- Guest Poet -
Today I feature a poet of some note - Merlene Fawdry. Merlene Fawdry is an award winning writer and poet, author of The Little Mongrel - free to a good home, The Hidden Risks, and several books of poetry. With short stories and poetry published in literary magazines in Australia and overseas, she is a skilled writing group and workshop facilitator. She is a qualified editor and proofreader with ten years’ experience in providing professional services for writers, specialising in mentoring beginning and emerging writers and providing an editing, formatting & design and manuscript print preparation service for other writers.
In another incarnation Merlene was a qualified youth worker, advocating for marginalised young people and their families. She maintains a strong interest in social justice and is committed to giving a voice to the oppressed through her writing.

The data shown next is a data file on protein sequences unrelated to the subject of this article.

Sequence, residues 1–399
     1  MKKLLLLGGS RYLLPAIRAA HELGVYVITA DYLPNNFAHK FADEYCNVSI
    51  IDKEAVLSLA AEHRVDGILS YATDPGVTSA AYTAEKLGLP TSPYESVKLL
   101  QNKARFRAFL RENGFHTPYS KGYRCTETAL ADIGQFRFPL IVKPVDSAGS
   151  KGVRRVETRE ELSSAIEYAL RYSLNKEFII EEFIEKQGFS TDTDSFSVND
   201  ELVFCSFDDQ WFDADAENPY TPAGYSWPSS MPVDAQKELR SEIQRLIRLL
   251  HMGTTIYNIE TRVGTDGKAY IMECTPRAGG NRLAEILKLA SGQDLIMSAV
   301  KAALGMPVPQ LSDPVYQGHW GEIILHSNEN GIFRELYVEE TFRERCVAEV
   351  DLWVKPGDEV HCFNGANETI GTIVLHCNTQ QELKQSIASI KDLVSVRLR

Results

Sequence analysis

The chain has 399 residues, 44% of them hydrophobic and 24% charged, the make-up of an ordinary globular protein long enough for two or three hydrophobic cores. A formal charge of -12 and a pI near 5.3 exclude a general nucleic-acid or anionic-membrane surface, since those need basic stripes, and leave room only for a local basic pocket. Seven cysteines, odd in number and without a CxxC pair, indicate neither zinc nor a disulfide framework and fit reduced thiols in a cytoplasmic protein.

A keen environmentalist, she uses her writing and poetry to create awareness if issues and in 2008 was Writer in Residence at the iconic Cataract Gorge where she produced a body of work, Discourse with Walls, that centred on the gorge and its environs.
Welcome, Merlene ...
TELL US A LITTLE ABOUT YOURSELF AND YOUR POETRY JOURNEY.
I was born in Tasmania and now live in a rural town in the state of Victoria in mainland Australia. I am a writer, poet, writing workshop facilitator, writing mentor and editor. My poetry journey has been one of many starts and interruptions – raising a large family and following a demanding career, times when I wrote in private for my own relaxation or pleasure. It took many years for me to find my place in poetry, a journey rich in experience that took me from those early days of writing doggerel, to writing memorial poems on demand, to denial and finally personal satisfaction.
WHEN AND HOW DID YOU BECOME A POET?